¿What we're basically doing is highlighting or enhancing the wording of our warnings based on the severity of the situation people are facing,¿ said warning coordination meteorologist Chance Hayes.
Hayes says before Joplin’s big tornado, the warning for a minor twister in the middle of a wheat field was the same for a twister heading towards a populated community. Now they won¿t hold back.
¿We used the catastrophic wording to let people know this tornado basically means this tornado meant business. It was about a mile wide, and it's going to cause catastrophic type damage completely wiping out neighborhoods, buildings and there could be significant injuries or loss of life,¿ said Hayes.
In hindsight, Hayes wishes he could have used the charged descriptions sooner. He thinks of himself now as a social scientist, and he says the fact that no lives were lost in the recent April 14th tornado outbreak is proof people react more to their detailed descriptions.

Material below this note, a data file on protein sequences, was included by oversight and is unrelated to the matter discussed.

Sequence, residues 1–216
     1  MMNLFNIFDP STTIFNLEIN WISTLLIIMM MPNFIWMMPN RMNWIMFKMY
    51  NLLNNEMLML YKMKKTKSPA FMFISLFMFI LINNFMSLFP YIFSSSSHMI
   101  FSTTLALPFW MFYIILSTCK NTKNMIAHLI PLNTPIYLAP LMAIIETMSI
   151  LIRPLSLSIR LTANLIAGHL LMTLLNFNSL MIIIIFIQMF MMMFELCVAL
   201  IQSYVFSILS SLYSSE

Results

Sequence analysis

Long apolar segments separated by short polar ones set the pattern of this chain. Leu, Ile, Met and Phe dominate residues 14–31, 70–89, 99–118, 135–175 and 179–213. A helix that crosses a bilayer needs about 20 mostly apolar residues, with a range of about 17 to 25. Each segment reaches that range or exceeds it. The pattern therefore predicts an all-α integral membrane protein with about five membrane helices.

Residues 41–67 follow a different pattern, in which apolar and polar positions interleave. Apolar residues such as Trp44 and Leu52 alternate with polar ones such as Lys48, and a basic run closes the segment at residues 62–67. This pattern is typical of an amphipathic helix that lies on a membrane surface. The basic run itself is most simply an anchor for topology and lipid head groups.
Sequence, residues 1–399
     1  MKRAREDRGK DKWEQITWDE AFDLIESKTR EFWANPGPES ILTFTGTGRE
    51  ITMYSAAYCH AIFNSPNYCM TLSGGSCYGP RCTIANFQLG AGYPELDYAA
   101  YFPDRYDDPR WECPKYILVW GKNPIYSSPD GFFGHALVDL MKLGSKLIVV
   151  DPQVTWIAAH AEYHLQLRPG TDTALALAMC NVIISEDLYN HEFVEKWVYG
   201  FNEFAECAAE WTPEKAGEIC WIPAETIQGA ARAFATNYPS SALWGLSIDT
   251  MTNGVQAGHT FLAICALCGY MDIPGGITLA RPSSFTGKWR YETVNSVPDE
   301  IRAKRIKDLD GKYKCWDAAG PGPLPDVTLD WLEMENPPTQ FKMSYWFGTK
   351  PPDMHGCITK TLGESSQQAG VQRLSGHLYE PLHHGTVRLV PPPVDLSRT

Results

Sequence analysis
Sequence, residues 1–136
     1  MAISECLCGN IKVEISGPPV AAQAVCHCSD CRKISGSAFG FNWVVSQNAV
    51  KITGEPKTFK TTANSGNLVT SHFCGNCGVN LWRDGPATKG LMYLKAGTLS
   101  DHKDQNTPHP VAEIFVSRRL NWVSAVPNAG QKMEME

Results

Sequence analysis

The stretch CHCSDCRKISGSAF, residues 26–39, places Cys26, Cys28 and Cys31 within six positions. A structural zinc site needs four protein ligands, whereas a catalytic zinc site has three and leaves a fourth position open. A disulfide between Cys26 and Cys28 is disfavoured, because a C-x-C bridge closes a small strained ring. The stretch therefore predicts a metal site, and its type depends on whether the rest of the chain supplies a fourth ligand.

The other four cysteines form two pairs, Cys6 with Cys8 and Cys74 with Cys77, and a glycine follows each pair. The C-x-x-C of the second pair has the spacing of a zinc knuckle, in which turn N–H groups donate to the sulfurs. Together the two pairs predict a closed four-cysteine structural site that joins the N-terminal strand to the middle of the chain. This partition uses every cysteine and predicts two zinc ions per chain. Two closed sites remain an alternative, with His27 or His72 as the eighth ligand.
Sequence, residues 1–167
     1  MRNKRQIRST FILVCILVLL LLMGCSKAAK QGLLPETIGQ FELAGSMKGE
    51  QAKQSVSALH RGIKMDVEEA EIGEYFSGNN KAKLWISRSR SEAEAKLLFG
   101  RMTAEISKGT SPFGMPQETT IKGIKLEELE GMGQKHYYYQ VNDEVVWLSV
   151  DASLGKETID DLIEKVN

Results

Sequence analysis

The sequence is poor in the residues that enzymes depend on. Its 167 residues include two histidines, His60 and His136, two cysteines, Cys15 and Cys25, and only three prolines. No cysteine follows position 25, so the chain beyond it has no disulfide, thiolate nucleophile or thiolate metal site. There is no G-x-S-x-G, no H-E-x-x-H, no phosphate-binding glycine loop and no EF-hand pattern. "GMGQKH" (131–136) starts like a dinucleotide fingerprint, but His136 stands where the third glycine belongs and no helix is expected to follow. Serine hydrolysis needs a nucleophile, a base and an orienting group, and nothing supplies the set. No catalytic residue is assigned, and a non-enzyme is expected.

¿People have these myths or these beliefs that their community is safe and I think they're starting to realize they're just myths, and a tornado is going to go wherever it wants to travel,¿ said Hayes.
Hayes says videos and photos from people out in the field have helped the National Weather Service to react quicker.
¿We were getting several reports from Kingman County when we were not seeing rotation on radar, but based on the environment and reports coming in from the field, we were able to hoist the tornado warnings,¿ said Hayes.
Back in Joplin, residents break ground on a new elementary school. 130,000 volunteers have helped Joplin spring up again, but city leaders say the community still has a long way to go. <
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>Wording changes to describe tornado's.